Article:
People don't just hate paying for shipping, they hate it to literally an irrational degree. (...) People didn't care about this rational math. People, in general, are terrible at valuing their time.
Solving people's distaste for paying shipping fees became a multi-year effort at Amazon. Our next crack at this was Super Saver Shipping: if you placed an order of $25 or more of qualified items, which included mostly products in stock at Amazon, you'd receive free standard shipping. (...) It caused customers to reduce their order frequency, waiting until their orders qualified for the free shipping.
That brings us to Amazon Prime. This is a good time to point out that shipping physical goods isn't free. Again, self-evident, but it meant that modeling Amazon Prime could lead to widely diverging financial outcomes depending on what you thought it would do to the demand curve and average order composition.
Dépasser les tests, et réparer plus tard:
To his credit, Jeff decided to forego testing and just go for it.
It turns out that you can have people pre-pay for shipping through a program like Prime and they're incredibly happy to make the trade. And yes, on some orders, and for some customers, the financial trade may be a lossy one for the business, but on net, the dramatic shift in the demand curve is stunning and game-changing.
And, as Jeff always noted, you can make micro-adjustments in the long run to tweak the profit leaks. (...) Jeff counseled the same "fix it later" strategy in the early days when we didn't have good returns tracking.
Dépasser son marché peut signifier des choses très différentes :
There's more than a whiff of Geoffrey Moore's Crossing the Chasm in this idea, some sense that moving from early adopters to the mainstream involves convincing more users to use the same product/service as early adopters do. In the case of Twitter, I think the theory is wrong.
Falling into the trap of thinking other users will be like you is especially pernicious because the people building the product are usually among that early adopter cohort.
To broaden their appeal they tend to broaden their use cases. It's rare to see a product adhere strictly to its early specificity and still avoid hitting a shoulder in their adoption S-curve.
The stronger the initial product market fit, the more vociferously your early adopters will protest when you make any changes.
Tech companies in general have been mining the scalable ROI of machine learning and algorithms for many years now. More data, better recommendations, better matching of customer to goods, or so the story goes. But what I appreciate about luxury retail, or even Hollywood, is its skill for making you believe that something is the right thing for you, absent previous data.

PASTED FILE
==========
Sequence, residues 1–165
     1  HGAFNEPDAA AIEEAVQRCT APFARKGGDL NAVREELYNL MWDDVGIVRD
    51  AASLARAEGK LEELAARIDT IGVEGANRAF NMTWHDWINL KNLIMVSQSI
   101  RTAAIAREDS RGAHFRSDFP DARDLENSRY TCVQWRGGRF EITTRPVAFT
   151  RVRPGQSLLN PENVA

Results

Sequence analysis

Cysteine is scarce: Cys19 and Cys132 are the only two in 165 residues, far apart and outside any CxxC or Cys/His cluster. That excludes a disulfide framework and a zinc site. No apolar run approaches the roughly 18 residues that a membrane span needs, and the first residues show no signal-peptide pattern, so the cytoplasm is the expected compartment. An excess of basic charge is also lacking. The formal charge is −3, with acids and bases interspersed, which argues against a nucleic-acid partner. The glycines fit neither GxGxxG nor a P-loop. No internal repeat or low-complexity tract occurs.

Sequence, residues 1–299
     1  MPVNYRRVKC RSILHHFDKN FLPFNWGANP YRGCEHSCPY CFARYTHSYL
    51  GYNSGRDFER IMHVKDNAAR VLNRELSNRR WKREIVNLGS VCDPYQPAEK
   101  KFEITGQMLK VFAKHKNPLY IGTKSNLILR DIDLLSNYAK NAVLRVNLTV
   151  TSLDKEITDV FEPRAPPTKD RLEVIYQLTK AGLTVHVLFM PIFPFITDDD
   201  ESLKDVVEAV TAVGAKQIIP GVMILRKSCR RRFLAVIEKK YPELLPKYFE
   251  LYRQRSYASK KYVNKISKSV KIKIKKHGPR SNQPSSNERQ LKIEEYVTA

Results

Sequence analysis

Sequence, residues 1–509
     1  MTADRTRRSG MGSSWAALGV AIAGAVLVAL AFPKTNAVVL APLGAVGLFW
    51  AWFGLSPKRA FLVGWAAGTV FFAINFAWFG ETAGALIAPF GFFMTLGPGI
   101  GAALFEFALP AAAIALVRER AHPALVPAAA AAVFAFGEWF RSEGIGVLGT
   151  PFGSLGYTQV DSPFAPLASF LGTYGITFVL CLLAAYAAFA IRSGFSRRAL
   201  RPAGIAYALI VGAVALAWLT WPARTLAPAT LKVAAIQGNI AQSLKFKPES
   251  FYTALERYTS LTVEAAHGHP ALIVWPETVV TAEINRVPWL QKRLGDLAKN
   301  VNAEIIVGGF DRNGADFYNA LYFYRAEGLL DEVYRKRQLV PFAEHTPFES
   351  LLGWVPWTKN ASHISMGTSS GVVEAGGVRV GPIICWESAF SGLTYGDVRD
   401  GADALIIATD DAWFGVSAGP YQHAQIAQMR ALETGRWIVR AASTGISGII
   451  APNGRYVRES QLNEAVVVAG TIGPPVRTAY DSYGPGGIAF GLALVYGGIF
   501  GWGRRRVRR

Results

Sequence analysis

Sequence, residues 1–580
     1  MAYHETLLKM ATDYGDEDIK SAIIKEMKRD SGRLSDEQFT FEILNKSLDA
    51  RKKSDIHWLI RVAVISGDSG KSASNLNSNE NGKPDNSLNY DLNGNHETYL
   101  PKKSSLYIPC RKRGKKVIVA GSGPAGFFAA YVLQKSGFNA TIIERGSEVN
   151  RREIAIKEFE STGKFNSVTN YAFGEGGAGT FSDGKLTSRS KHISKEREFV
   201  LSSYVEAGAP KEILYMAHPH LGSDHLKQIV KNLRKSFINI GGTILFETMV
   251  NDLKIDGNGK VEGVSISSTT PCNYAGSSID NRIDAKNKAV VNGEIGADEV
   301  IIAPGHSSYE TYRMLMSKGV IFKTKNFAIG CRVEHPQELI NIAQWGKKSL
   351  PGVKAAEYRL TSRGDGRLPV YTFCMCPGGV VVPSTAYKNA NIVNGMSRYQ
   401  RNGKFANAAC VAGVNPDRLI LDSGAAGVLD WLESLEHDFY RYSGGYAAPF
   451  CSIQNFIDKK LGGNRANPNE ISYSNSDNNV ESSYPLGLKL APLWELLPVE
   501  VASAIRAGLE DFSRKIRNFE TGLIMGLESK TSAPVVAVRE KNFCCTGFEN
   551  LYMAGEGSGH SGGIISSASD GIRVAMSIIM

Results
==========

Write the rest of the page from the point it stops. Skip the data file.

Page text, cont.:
Comment identifier ses asymptotes invisibles ?
One way to identify your invisible asymptotes is to simply ask your customers.
True, it's often difficult for customers to articulate what they want. But what's missed is that they're often much better at pinpointing what they don't want or like.
As a company grows, though, and from the start, it's just as important to look at those who never make it through the funnel, or who jump out of it at the very top.
However, all honest negative feedback forms the basis of some asymptote in some customer segment, even if the constraint isn't constricting yet.
Product development will always be a multi-dimensional problem, often frustratingly so, but the value of reducing that dimensionality often costs so little that it should be more widely employed.
👉Analyse de la situation par Howard Marks : cela va aller mal, mais peut-être moins qu’on pense. (Oaktree)
Unavoidable Pain: The news in the near team is unlikely to be good; instead it’ll probably include: Business closures, Job losses, Supply-chain disruption, Challenges to the health system.
In all these ways and more, the early news is bound to be bad. I think that’s indisputable. The only good news in this regard would be if it doesn’t reach the levels people expect and fear.
All these are appropriate actions. Hopefully we’ll see benefits from them and more.
Optimism still hasn’t been entirely eradicated and replaced by capitulation. Typically, the bottom is reached only when optimism is nowhere to be found.
Even though there’s no way to say the bottom is at hand, the conditions that make bargains available certainly are materializing (...) I believe this is a good time to invest
👉Les gens ont envie d’aider et l’app Zoe au UK le permet (TechCrunch)
Asking people to self-report their symptoms in an effort to start to gather more of that detail.
And in a mark of how the public is trying to step up its efforts to get involved in the fight to contain the disease, the app has itself gone viral, with 650,000 downloads since being launched on Tuesday morning.
To be very clear, the app itself is not a diagnostic tool — these are being developed on a more national level, linking people through to local services. Nor is it designed to give the public any clarity on where Covid-19 symptoms are cropping up. (...) Instead, it’s a research app designed to bring together information that could be useful to medical professionals to better plan their responses.
👉Faut-il se préparer à un retour à la normale plus rapide que prévu ? Le cas de la Chine. (HBR)
Many Chinese companies have already moved beyond crisis response to recovery and post-recovery planning.
Prepare for a faster recovery than you expect: Only six weeks after the initial outbreak, China appears to be in the early stages of recovery.
While the depth and duration of the economic impact in other countries is impossible to forecast, China’s experience points to a scenario that companies should prepare for.
Instead of reducing headcount, it encouraged employees to use their time to upgrade internal systems, improve skills, and design new products and services to be better prepared for the eventual recovery.
Spot new consumption habits being formed.